The tenancy contract obligates the owner of real estate to present his property, subject of the tenancy contract, to the tenant for a specified or unspecified period of time. If the period of time is not specified in the tenancy contract, then the period of property use by tenant is the period for which money is paid monthly, quarterly or annually etc.

In case of conflict between owner and tenant regarding rent, certain standards are taken into consideration by the court to decide whether rent should be increased. These standards are as follows:

  • Prevalent rent of similar properties, their size, quality, architectural finish, and services etc.
  • All tenancy contracts must be written; old unwritten contract are governed by rules and regulations prevalent at the time of the verbal contract.
  • For cases where there several tenants occupy the same premises (flat, house etc.) the law considers priority to the first tenant who occupies the property in good faith and with a proven contract date preceding all others.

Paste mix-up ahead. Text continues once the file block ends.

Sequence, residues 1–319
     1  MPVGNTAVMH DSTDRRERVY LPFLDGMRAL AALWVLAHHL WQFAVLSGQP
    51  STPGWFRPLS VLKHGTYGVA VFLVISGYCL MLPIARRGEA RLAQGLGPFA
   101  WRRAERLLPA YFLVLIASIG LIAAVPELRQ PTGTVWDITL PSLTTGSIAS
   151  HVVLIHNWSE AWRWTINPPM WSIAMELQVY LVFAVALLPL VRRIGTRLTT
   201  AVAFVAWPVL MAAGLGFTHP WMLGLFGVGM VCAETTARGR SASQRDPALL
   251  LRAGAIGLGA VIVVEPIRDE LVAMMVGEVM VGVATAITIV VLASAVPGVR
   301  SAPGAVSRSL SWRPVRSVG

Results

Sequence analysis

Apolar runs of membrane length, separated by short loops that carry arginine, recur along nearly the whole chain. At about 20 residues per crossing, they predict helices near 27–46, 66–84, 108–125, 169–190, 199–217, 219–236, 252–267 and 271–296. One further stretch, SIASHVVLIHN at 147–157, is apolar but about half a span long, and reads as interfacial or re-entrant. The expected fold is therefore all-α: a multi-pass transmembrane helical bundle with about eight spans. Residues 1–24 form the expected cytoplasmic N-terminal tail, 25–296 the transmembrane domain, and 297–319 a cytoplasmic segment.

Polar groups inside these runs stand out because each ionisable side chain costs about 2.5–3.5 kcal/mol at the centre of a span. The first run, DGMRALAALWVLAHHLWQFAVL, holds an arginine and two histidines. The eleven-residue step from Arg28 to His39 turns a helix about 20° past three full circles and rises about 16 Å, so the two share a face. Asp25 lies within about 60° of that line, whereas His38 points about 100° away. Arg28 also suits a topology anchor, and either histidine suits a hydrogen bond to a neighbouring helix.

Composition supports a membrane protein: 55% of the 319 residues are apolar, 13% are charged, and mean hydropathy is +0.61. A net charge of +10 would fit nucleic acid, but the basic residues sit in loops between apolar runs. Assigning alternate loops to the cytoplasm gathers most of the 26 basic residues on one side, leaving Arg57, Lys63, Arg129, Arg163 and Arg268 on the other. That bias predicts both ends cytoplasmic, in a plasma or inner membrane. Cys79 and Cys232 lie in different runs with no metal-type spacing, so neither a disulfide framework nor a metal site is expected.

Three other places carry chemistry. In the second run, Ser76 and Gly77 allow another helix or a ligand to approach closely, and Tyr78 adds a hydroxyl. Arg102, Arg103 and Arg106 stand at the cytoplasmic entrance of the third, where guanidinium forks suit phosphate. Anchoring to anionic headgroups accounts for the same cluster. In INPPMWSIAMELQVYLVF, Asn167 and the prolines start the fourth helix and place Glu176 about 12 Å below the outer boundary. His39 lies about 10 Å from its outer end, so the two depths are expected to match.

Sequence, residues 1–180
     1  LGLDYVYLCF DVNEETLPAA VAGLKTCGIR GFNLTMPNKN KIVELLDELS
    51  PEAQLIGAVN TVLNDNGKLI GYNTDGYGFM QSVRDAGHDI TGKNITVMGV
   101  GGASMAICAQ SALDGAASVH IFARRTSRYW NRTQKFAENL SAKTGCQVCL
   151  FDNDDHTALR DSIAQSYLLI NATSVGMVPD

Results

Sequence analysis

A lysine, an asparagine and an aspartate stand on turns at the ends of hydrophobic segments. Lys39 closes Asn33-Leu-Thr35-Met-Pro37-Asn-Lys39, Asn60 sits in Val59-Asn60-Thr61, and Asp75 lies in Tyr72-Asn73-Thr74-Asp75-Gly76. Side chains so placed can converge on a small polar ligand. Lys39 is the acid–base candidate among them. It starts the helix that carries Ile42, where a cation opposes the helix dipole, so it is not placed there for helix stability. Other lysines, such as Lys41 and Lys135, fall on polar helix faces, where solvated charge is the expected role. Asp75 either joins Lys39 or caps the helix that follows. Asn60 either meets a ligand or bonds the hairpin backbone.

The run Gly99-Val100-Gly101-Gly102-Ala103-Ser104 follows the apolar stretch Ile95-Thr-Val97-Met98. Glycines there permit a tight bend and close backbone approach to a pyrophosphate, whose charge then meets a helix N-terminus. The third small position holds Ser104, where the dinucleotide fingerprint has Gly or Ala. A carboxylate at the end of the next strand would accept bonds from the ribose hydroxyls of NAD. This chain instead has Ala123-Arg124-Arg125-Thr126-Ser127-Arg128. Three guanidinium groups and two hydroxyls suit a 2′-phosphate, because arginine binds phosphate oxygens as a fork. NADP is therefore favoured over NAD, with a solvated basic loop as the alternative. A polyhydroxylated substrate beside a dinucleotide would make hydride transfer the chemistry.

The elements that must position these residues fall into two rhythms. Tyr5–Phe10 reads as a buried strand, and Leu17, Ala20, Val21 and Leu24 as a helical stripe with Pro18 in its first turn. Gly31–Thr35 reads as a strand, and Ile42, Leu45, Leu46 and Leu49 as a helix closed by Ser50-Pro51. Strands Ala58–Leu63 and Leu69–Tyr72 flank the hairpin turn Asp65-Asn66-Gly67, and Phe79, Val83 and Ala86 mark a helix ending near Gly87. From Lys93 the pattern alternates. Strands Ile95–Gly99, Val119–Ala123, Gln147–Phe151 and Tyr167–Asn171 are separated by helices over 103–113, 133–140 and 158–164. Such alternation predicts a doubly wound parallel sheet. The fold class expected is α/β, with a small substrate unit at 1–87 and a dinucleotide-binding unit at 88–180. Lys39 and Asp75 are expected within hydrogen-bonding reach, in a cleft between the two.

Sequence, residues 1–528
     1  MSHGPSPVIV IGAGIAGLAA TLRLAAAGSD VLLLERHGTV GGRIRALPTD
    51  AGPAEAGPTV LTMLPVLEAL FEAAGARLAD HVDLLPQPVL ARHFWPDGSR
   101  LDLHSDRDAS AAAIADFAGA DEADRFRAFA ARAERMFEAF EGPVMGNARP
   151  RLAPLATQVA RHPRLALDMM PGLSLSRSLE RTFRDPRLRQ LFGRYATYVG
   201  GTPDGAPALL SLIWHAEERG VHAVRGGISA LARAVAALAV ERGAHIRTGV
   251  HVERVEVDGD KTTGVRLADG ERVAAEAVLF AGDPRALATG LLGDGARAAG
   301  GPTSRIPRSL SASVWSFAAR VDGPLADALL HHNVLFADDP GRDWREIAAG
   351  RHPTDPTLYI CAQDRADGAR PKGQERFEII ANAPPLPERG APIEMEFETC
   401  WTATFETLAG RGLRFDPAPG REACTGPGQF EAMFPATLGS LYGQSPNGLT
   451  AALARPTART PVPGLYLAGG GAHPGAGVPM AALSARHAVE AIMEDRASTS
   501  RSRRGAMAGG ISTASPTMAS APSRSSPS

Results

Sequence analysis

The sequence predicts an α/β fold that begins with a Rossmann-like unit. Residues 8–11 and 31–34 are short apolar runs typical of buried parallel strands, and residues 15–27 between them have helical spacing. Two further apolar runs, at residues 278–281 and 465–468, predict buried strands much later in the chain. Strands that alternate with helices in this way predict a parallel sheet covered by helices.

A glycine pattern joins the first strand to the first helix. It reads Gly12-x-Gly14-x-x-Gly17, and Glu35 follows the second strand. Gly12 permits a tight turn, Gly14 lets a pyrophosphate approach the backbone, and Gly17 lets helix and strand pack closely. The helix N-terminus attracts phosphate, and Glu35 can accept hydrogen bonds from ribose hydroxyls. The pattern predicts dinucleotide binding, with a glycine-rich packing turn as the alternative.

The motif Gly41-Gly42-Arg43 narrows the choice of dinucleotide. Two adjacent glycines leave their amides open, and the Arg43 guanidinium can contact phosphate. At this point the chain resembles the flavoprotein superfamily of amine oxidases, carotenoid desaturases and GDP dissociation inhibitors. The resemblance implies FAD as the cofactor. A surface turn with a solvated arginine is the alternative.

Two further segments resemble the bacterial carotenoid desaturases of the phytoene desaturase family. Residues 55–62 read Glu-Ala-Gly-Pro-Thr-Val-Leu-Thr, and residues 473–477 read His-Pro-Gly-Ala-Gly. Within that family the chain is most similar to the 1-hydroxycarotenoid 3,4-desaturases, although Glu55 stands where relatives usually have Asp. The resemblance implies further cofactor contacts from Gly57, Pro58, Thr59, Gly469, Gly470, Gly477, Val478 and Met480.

• After the tenancy contract is concluded the owner must hand over the property in good condition and free of defects, and if the tenant discovers any defects that are unacceptable to him, he has the right to cancel the contract and claim compensation if need be.
  • The owner must do maintenance to the rented property in appropriate times (during holidays, vacations etc.). The maintenance includes necessary general rehabilitation of property, sewage, and other utilities, stairs, and roof. If he does not undertake this responsibility, the tenant has the right to demand in court permission to do so, and incur the reasonable costs on the owner.
  • If the declared costs are exaggerated, the judge has the right to adjust the figure in such a way as not to over burden the owner, the rest is borne by the tenant; and if he does not accept to pay the difference he can cancel the contract.